Playoff narratives are rarely cut and dried. October baseball is usually complex and unpredictable in a way that beggars prediction or pigeon-holing. But the 2012 Yankees managed to meet expectations to a T in their 3-2 loss to the Orioles in Game 2. The loss, which evens the series at 1-1 with the remaining three games at Yankee Stadium, was a carbon copy of so many frustrating Yankee defeats this year, save for a gritty performance by Andy Pettitte.
I’ve typed this so many times this season that I need a shortcut key, but I’ll type it again: The Yankees failed to get the job done with runners in scoring position.
In 17 of 18 innings so far this series, the Yankees have been a Dennis Green punchline: “They were who we thought they were!” Yankee fans dreaded a continuation of the team’s lackluster performance in clutch situations this season, and that’s exactly what happened. The Bombers were 2-for-8 with runners in scoring position, and the Orioles were 3-for-6. In a related story, the Orioles won.
At this point, it’s not enough to wearily note that the Yanks are 3-for-13 with RISP for the series if you take out their five-run ninth inning in Sunday’s 7-2 Game 1 win. It’s not enough to mention in passing that the Yankees again had a runner on third with one out and failed to score, or that they went 0-for-4 with RISP and two outs in Game 2, or that Nick Swisher is 1-for-34 with RISP in the playoffs in his career. No, let’s break down each at-bat in Game 2 where the Yankees had at least one RISP.
A-Rod (runners on 1st and 2nd, no outs): A-Rod falls behind 1-2 but battles to stay alive, then lines a shot up the middle that is stabbed by a diving Robert Andino, who doubles Jeter off second for a double play.
Good At-Bat? Yes. Hard to quibble with a hard-hit ball — just a great defensive play by Andino.
Swisher (runner on 2nd, two outs): The aforementioned anti-clutch Swisher also falls behind 1-2 and grounds out weakly to shortstop to strand Cano at second.
Good At-Bat? No. Swisher was never in this at-bat, despite the fact that Baltimore starter Wei-Yin Chen had given up three hard-hit balls to the Yankees’ first four batters.
Cano (runners on 1st and 2nd, two outs): Cano falls behind 0-2 (fouling off a very hittable 0-1 fastball) and eventually taps weakly back to Chen for the third out.
Good At-Bat? No. Cano had a 93-mph fastball in the middle of the zone teed up for him on the 0-1 pitch and missed it. Some would argue that he juuuust missed it, which is true. But as my old basketball coach used to say: “Almost only counts in horseshoes and hand grenades.”
Granderson (runners on 1st and 2nd, one out): Granderson gets ahead in the count 2-0 for a change and serves a 2-1 pitch back up the middle for a single that loads the bases.
Good At-Bat? Yes. Great approach by Granderson here — took a strike on 2-0 because he knew that even in a 2-1 count, Chen would have to challenge him for fear of walking the bases loaded. Only Teixeira’s bum calf kept him from scoring on the play.
Nunez (bases loaded, one out): Falls behind 1-2 after getting jobbed on a 1-1 offering from Chen that was three inches inside, eventually pops out weakly to short, no runners advance.
Good At-Bat? NO NO NO. Ugh. I get that the at-bat was dramatically altered by the strike call on the 1-1 pitch, but if you’re Nunez you cannot, CAN NOT pop out. Your speed on the bases makes a double play unlikely, so the two worst things you can do is strike out and pop up in the infield. Mission (un)accomplished, I guess.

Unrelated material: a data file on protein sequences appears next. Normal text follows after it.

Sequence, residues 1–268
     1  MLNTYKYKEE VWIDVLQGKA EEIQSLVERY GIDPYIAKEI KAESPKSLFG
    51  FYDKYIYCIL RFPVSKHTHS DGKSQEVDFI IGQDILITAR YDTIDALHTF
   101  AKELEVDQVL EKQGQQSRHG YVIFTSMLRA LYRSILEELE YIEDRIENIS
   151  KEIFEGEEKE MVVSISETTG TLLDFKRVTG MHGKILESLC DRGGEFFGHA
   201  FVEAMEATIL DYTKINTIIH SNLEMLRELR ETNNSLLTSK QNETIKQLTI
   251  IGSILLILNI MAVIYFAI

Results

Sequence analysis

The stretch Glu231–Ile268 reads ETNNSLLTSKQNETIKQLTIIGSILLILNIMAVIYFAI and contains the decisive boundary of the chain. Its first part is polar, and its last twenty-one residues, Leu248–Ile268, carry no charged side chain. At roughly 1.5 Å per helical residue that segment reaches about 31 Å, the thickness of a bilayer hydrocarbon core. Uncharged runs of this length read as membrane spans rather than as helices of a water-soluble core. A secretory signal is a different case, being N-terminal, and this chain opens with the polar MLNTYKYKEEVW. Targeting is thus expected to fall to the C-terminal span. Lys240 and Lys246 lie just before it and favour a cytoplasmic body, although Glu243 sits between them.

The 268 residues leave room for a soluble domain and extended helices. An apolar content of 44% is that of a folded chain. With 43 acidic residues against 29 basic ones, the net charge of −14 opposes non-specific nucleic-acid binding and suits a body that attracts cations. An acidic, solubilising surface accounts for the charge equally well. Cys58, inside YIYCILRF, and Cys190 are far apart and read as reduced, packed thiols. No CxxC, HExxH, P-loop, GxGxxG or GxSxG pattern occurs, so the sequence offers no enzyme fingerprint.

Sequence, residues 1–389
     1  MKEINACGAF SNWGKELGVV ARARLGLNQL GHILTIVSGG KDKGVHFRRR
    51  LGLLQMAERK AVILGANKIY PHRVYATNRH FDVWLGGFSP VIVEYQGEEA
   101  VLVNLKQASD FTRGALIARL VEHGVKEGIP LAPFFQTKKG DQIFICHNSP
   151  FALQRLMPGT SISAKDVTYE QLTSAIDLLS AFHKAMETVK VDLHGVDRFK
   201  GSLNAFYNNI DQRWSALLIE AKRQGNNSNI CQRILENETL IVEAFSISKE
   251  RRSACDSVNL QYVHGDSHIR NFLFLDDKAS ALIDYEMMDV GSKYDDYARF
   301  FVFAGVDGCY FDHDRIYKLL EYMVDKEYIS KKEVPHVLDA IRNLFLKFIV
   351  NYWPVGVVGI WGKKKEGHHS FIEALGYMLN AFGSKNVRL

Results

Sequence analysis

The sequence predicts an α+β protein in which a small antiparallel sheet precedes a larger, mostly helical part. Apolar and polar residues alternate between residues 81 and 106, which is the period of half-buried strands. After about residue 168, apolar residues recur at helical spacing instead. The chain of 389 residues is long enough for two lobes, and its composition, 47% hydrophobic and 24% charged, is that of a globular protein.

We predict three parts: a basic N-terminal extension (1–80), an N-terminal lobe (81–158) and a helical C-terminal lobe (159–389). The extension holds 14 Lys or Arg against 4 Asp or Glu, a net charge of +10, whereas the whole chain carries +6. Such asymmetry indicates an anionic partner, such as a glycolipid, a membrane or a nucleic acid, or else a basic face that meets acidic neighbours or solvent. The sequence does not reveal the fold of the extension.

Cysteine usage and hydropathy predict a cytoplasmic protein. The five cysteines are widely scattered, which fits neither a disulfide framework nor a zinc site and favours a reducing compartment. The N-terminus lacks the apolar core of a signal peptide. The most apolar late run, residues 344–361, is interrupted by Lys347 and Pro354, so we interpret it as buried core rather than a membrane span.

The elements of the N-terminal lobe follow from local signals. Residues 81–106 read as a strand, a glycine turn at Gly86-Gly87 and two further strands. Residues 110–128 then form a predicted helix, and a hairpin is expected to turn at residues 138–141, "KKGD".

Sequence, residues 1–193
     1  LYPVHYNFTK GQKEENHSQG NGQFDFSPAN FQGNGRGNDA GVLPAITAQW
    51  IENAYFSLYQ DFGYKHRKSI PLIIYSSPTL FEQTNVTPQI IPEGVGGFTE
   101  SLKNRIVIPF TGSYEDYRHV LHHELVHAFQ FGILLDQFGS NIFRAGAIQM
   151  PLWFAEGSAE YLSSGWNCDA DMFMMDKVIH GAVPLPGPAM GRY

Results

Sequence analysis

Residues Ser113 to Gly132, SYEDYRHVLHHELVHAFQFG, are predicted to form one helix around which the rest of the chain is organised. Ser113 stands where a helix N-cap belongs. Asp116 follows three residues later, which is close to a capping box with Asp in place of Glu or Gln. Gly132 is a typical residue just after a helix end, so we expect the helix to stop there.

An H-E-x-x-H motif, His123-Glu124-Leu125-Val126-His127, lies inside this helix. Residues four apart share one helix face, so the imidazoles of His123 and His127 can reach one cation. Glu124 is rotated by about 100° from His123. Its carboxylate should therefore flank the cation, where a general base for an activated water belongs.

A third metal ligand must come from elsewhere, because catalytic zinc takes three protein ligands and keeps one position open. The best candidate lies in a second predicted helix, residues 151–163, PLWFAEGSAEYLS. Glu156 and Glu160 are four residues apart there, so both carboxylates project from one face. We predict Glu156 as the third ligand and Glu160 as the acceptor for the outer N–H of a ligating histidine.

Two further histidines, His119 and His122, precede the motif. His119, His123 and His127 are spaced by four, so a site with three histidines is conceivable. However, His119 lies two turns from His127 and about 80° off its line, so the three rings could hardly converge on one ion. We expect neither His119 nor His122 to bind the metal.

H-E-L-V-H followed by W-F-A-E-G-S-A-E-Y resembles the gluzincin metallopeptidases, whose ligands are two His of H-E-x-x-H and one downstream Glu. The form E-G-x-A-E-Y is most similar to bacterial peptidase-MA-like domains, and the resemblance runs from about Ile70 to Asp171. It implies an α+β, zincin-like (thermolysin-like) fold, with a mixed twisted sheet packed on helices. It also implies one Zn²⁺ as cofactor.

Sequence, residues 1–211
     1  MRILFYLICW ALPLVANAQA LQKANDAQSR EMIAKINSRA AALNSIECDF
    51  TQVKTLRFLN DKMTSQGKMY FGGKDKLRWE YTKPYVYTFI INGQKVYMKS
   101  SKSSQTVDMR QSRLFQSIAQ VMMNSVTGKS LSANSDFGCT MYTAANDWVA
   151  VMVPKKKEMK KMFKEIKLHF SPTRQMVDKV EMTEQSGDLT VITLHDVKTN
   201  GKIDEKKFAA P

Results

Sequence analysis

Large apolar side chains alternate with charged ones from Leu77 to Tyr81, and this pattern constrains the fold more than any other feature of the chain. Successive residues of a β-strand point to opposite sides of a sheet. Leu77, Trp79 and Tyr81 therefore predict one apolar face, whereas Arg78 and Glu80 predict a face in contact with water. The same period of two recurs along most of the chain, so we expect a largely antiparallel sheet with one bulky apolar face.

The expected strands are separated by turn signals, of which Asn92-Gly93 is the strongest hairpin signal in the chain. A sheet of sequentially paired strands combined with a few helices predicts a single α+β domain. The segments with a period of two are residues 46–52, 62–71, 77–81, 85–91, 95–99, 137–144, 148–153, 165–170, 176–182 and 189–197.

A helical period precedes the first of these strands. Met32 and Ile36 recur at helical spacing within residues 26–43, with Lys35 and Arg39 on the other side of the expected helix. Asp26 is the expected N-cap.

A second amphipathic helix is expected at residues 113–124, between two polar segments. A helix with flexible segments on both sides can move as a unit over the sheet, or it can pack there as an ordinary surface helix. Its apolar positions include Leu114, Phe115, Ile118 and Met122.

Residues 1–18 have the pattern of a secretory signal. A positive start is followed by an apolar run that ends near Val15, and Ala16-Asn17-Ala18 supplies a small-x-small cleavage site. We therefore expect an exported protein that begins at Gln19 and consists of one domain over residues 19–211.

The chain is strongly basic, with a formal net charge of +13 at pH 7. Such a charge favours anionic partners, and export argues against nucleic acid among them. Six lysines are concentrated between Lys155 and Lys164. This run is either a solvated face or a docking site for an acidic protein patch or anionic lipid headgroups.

Jeter (bases loaded, two out): Grounds weakly to third on a 1-1 pitch, inning over.
Good At-Bat? No. Chen successfully pounded Jeter inside, inducing one foul grounder and one groundout. Instead of laying off the 1-1 pitch and forcing Chen to give him something over the plate or outside (which he could hit to right field), Jeter rolled his hands over and ensured that the Yanks would roll over in another clutch situation.
Jeter (runner on 2nd, none out): Again, Jeter fell behind Chen, this time 0-2. But he fouled off two pitches and slapped a single to left to score Nunez and cut the Orioles’ lead to 3-2.
Good At-Bat? Yes. Probably the best at-bat by a Yankee with RISP for the game, as Jeter battled with two strikes, got a clutch hit and opened the door for a potential game-changing inning. Except…
Swisher (runners on 1st and 2nd, two outs): The first pitch of the at-bat was wild, allowing A-Rod and Cano to move up to 2nd and 3rd. Now a base hit gives the Yankees the lead and a potential hammer-lock on the series. Instead, Swisher takes two strikes looking — looking! — and flies out to left to end the inning.
Good At-Bat? ABSOLUTELY NOT. You’re up in the biggest at-bat of the game and you fly out to left on your only swing of the at-bat? Nothing good about that.
For those scoring at home, that’s three good at-bats out of eight, none of which came with two outs. Meanwhile, the Orioles’ two-run third inning came after there were two outs and no one on base and featured four hits and a walk. That’s a good month with RISP and two outs for the Yankees. That’s why the Orioles won despite having 8 baserunners to the Yankees’ 11.
I could go on, but I would be remiss if I didn’t tip my hat to a truly impressive effort by Andy Pettitte. The Yanks’ veteran went seven innings and threw 98 pitches, by far his longest effort since he returned to action in late September. Yes, his hiccup in the third inning proved fatal. But Pettitte did everything he could to keep the Orioles at bay and give the Yankees a chance to come back, and he succeeded. The Yankee offense just failed to pick him up. If this is the last start for Pettitte, who is reportedly torn about coming back for one more year, then it was a performance worthy of the gutsiest postseason starting pitcher I’ve ever had the pleasure to watch. Good on ya, Andy. Hopefully you can show your stuff again in the ALCS.